Evolutionary Algorithms are largely used search and optimization procedures that, when properly designed, can solve intractable problems in tractable polynomial time. Efficiency enhancements are used to turn them from tractable to practical.

In this paper we show preliminary results of two efficiency enhancements proposed for the Extended Compact Genetic Algorithm. First, a model building enhancement was used to reduce the complexity of the process from O(n^{3}) to O(n^{2}), speeding up the algorithm by 1000 times on a 4096 bits problem. Then, local-search hybridization was used to reduce the population size by at least 32 times, reducing the memory and running time required by the algorithm. These results draw the first steps toward a competent and efficient Genetic Algorithm.

**Abstract:**

Estimation of distribution algorithms (EDAs) are stochastic optimization techniques that explore the space of potential solutions by building and sampling explicit probabilistic models of promising candidate solutions. While the primary goal of applying EDAs is to discover the global optimum or at least its accurate approximation, besides this, any EDA provides us with a sequence of probabilistic models, which in most cases hold a great deal of information about the problem. Although using problem-specific knowledge has been shown to significantly improve performance of EDAs and other evolutionary algorithms, this readily available source of problem-specific information has been practically ignored by the EDA community. This paper takes the first step towards the use of probabilistic models obtained by EDAs to speed up the solution of similar problems in future. More specifically, we propose two approaches to biasing model building in the hierarchical Bayesian optimization algorithm (hBOA) based on knowledge automatically learned from previous hBOA runs on similar problems. We show that the proposed methods lead to substantial speedups and argue that the methods should work well in other applications that require solving a large number of problems with similar structure.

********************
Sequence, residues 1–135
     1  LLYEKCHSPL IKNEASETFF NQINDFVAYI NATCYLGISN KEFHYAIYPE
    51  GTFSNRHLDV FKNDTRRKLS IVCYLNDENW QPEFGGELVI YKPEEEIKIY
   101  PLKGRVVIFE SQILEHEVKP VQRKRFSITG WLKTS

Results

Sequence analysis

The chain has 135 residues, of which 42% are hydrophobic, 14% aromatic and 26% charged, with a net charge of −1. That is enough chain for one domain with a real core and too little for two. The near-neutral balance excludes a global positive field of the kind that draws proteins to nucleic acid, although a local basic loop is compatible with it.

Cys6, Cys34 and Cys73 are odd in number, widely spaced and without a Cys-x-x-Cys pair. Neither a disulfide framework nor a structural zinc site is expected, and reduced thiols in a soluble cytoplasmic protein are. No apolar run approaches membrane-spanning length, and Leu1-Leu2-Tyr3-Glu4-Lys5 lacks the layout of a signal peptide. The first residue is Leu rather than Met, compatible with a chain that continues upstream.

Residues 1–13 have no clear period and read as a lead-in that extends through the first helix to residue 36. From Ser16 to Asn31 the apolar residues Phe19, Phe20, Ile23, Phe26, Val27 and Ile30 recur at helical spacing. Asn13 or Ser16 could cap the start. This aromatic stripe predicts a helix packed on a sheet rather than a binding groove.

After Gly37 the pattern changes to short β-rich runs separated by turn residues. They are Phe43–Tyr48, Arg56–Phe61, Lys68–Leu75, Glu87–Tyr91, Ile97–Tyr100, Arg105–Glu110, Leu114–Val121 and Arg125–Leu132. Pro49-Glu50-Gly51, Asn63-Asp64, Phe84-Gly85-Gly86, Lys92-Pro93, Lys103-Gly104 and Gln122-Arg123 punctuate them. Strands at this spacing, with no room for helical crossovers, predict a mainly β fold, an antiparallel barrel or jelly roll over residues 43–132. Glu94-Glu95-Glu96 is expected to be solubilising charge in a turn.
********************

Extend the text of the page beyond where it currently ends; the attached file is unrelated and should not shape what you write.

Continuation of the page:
**Abstract:**

Efficiency enhancement techniques—such as parallelization and hybridization—are among the most important ingredients of practical applications of genetic and evolutionary algorithms and that is why this research area represents an important niche of evolutionary computation. This paper describes and analyzes sporadic model building, which can be used to enhance the efficiency of the hierarchical Bayesian optimization algorithm (hBOA) and other estimation of distribution algorithms (EDAs) that use complex multivariate probabilistic models. With sporadic model building, the structure of the probabilistic model is updated once in every few iterations (generations), whereas in the remaining iterations, only model parameters (conditional and marginal probabilities) are updated. Since the time complexity of updating model parameters is much lower than the time complexity of learning the model structure, sporadic model building decreases the overall time complexity of model building. The paper shows that for boundedly difficult nearly decomposable and hierarchical optimization problems, sporadic model building leads to a significant model-building speedup, which decreases the asymptotic time complexity of model building in hBOA by a factor of *O(n ^{0.26})* to